For small businesses impacted by COVID-19, these resources can help.
Having cash flow problems? Consider a microloan for your small business
There are many reasons to consider microloans as a funding solution for your business. Whether you’re facing an urgent cash flow gap or want to invest in marketing and expand your operation, a microloan can help. While traditional bank loans have higher borrowing limits and lower interest rates for business owners, they’re also harder to obtain, especially if your business is just starting out. If you don’t have a credit record or otherwise don’t qualify for a loan from a bank, a microloan could help you get the funds you need.
In this guide, we’ll discuss everything you need to know about microloans, including:
What microlending is
How microloans work
Why your business may need a microloan
How to use a microloan
How to qualify for a microloan
The pros and cons of microloans
Where to find a certified microloan lender
How to apply for an SBA microloan
Alternative funding sources for your small business
What is microlending?
Microlending is the practice of giving small loans to businesses in need. A subset of micro finance, microlending is designed to support business owners who either don’t have access to business funding or can’t get loans from traditional financial institutions because of their credit scores.
Microlending for small businesses has become popular thanks to peer-to-peer (P2P) lending platforms, dedicated micro finance institutions (MFIs), and local micro lenders.
What is a microloan?
Micro business loans, as the name suggests, are small term loans. Depending on where you live, a microloan can be as small as a few hundred dollars or as large as $50,000 (as in the US). Businesses can use microloans in their early stages to pay for inventory, machines, office and business supplies, equipment, and working capital. In the US, most microloans are low-interest, short-term loans provided by business-friendly lending organizations, such as small banks and credit unions that work with the U.S. Small Business Administration (SBA).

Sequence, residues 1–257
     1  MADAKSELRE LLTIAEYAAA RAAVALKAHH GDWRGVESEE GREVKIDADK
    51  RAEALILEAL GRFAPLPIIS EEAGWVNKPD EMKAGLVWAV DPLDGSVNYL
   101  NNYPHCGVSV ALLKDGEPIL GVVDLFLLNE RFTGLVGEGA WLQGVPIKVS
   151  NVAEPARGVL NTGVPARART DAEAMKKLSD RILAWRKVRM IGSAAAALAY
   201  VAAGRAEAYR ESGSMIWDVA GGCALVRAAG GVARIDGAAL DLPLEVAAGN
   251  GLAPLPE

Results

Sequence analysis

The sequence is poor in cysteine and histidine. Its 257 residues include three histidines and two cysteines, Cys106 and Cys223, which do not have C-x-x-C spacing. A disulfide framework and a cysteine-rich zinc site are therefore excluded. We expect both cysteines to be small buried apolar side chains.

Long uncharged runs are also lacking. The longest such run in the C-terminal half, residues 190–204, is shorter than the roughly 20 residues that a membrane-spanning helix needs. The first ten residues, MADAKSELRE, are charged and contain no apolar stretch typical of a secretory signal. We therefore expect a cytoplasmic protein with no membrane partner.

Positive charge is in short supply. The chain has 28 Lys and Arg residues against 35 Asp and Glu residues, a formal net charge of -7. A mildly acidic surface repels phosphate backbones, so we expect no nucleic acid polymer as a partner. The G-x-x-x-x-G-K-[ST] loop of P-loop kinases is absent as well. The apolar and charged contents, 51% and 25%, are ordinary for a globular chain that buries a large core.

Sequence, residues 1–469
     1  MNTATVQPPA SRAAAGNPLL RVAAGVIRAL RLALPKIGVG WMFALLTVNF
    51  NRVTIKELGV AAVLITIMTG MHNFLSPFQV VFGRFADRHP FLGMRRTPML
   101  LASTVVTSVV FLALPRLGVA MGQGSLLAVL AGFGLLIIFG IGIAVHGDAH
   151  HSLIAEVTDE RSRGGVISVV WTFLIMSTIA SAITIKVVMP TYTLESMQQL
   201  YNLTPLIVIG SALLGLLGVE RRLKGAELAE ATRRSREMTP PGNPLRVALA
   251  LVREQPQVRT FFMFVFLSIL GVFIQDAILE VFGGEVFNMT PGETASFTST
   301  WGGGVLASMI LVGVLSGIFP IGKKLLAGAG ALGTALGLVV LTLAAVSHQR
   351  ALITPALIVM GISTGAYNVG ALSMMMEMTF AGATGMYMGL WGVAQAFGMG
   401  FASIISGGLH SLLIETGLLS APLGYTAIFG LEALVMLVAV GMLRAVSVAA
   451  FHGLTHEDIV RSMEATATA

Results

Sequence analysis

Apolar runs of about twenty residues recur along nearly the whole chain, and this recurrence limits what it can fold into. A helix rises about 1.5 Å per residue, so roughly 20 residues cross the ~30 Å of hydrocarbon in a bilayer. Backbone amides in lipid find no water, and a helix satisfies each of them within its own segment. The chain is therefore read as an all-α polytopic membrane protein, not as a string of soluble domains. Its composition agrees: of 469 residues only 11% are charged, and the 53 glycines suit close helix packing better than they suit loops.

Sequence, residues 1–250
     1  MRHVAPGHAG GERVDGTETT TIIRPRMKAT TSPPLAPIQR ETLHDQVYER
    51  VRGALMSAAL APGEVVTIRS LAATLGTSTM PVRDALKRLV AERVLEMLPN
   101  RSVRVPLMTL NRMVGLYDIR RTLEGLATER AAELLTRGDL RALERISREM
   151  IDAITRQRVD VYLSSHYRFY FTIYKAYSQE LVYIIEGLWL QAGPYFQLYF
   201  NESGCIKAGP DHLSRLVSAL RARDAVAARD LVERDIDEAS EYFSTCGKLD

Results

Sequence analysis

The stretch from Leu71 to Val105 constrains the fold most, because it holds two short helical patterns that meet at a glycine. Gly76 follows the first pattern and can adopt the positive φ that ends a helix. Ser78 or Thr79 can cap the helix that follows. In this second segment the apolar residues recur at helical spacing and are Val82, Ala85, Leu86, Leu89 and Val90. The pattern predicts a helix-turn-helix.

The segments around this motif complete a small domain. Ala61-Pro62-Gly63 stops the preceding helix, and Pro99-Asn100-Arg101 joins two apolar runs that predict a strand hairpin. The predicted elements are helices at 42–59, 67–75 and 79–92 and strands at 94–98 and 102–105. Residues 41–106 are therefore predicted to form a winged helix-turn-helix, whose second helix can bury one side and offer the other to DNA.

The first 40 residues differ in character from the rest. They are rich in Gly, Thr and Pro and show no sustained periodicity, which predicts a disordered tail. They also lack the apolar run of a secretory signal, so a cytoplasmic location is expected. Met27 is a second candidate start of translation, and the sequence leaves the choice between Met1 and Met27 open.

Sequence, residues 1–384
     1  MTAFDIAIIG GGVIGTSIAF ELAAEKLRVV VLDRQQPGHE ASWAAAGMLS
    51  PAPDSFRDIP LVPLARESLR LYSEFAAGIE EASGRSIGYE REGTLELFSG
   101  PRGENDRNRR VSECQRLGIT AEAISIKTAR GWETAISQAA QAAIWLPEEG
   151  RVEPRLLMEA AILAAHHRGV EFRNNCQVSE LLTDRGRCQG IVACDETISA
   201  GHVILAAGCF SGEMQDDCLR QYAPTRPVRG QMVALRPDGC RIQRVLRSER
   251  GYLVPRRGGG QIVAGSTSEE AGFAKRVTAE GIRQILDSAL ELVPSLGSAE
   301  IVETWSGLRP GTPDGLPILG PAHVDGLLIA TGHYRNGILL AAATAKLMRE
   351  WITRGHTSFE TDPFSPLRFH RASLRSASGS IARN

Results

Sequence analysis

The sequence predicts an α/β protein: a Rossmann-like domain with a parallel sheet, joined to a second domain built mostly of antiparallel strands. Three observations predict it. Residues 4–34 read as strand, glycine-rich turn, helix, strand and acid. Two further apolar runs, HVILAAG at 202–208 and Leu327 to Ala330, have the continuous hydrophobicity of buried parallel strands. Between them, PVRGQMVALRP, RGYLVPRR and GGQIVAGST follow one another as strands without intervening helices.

In 2009 under President Barack Obama’s administration, the SBA started a microloan program to help struggling small businesses get loans up to $50,000 (with an average loan amount of $13,000). Designated lenders, like banks and other financial institutions, work with the SBA to offer microloans to businesses that need them. To date, the program has provided tens of thousands of loans to small business owners for the purposes of starting a new business or expanding an existing one.
However, though microloans are designed with small businesses in mind, they have certain restrictions and limitations. We’ll discuss the drawbacks of microloans—as well as the benefits—in the Pros and Cons section.
Why might your business need a microloan?
Getting approved for a traditional bank loan can be tough. Even if your business is booming, you may still be denied a loan. Here are a few reasons why:
Not enough collateral: In order to take a risk on your business, many banks require collateral in the form of assets or property. If you fail to pay back your loan, the bank will use your collateral to recoup their payment. However, if you’re just starting out and haven’t built up enough assets or revenue, you may not have the collateral necessary to get approved for a loan.